Regina Manifesto

The Regina Manifesto was the founding policy document of the Co-operative Commonwealth Federation (CCF). Written in 1933, the 14-point policy statement called for eradicating capitalism and adopting socialist economic and social policies in a democratic state.

The Regina Manifesto was the founding policy document of the Co-operative Commonwealth Federation (CCF). Written in 1933, the 14-point policy statement called for eradicating capitalism and adopting socialist economic and social policies in a democratic state.


Douglas, Tommy

Background

In 1932, at the height of the Great Depression, a group of socialist intellectuals from the League for Social Reconstruction met in Calgary with farm group leaders and members of Parliament allied with trade unions. They believed the Depression proved that Canada’s political and economic system worked well for the wealthy elite, but not for farmers, workers and the middle class. Seeking positive change for Canadians, they formed a new political party — the Co-operative Commonwealth Federation (CCF).

In July 1933, the party met in Regina for its first convention and approved the manifesto. (The document’s principal author was Frank Underhill, founding president of the League for Social Reconstruction.) The manifesto stated that the capitalist system was unjust and inhumane; it concentrated power and wealth in a small elite while leaving most people in poverty. The CCF believed that replacing capitalism with socialism would end class differences and allow more people to fulfill their potential.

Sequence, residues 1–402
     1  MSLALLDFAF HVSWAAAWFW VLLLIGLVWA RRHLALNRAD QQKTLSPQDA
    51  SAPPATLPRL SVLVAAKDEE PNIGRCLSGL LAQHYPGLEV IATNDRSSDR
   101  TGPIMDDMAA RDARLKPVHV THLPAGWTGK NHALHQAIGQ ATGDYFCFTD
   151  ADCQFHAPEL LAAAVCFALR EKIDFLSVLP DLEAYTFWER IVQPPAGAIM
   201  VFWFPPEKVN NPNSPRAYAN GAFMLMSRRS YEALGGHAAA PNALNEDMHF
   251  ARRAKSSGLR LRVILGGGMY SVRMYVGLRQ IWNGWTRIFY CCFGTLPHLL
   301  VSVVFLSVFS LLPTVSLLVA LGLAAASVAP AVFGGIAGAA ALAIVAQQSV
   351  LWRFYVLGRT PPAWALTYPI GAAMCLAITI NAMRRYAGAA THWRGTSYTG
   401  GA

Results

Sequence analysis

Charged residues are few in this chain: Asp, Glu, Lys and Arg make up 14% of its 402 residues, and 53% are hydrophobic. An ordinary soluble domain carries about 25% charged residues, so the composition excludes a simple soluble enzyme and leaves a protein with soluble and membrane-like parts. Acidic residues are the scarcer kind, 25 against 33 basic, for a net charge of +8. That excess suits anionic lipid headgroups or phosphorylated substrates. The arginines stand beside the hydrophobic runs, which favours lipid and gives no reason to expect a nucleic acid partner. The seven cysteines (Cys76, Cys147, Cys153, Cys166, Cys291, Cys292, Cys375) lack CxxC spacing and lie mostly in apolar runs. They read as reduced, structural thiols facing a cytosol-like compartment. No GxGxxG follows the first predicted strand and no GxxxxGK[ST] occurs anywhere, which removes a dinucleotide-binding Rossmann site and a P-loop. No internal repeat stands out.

The Manifesto

The manifesto’s 14 points detailed how the CCF would bring about this more equitable state. If elected to govern, the party would:

  1. institute government-controlled economic planning;
  2. assert greater control of banking through the socialization of finance;
  3. establish state ownership of transportation, communications and electric powercompanies;
  4. create agriculture programs to stabilize prices and production;
  5. increase the regulation of international trade;
  6. create co-operative institutions to help farmers buy what they need at fair prices;
  7. write a new labour code to give workers more power to determine working conditions, as well as to provide insurance for work-related injuries (see Workers’ Compensation);
  8. provide free medical coverage to Canadians with government-run health care;
  9. amend the Constitution to abolish the Senate and to give the federal government more control over national economic development;
  10. reorient external relations to promote peace and disarmament;
  11. establish fairer tax policies;
  12. amend the Criminal Code and rewrite immigration laws to allow more freedom of expression and equal treatment before the law;
  13. make the social justice system fairer to all;
  14. implement an emergency program of social spending to address the immediate challenges of the Depression.

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Legacy

Many CCF candidates were elected both federally and provincially. The CCF formed Saskatchewan’s government from 1944 to 1964, with Tommy Douglas serving as premier until 1961.

In 1956, the CCF replaced the Regina Manifesto with the Winnipeg Declaration. The new document advocated social democracy and Keynesian economics instead of socialism. By the end of the 1960s, many of the Regina Manifesto’s proposals, such as medicare, workers’ compensation and peacekeeping, had been implemented.

In 1961, the CCF merged with the Canadian Labour Congress (CLC) to form the New Democratic Party (NDP), with Douglas as its first leader.

See also Rise of the Co-operative Commonwealth Federation.